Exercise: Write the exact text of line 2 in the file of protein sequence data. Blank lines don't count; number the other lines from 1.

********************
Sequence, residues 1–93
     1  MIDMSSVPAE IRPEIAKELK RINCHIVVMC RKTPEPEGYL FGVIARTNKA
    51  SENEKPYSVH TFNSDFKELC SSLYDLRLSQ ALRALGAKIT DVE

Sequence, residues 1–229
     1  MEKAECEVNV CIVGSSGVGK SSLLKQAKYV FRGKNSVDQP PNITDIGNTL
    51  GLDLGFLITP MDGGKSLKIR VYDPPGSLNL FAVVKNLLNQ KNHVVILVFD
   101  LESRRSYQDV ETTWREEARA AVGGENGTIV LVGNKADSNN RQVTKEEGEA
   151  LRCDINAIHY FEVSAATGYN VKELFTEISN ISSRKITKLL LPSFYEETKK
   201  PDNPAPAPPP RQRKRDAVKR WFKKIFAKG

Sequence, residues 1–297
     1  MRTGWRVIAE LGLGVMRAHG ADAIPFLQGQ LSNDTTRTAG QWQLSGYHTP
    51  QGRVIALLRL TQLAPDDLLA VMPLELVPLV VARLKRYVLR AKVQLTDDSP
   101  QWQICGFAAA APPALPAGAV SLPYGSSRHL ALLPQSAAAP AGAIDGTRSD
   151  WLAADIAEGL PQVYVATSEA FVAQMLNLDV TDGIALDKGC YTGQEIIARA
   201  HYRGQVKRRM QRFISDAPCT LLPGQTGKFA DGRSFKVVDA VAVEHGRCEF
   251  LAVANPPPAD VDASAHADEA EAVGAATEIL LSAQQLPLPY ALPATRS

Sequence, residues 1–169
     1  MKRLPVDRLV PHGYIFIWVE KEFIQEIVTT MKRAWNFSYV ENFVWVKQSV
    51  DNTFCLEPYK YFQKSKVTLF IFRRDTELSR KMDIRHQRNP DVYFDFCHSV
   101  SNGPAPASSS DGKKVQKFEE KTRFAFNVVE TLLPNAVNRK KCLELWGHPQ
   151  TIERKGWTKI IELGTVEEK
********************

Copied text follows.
     1  MIDMSSVPAE IRPEIAKELK RINCHIVVMC RKTPEPEGYL FGVIARTNKA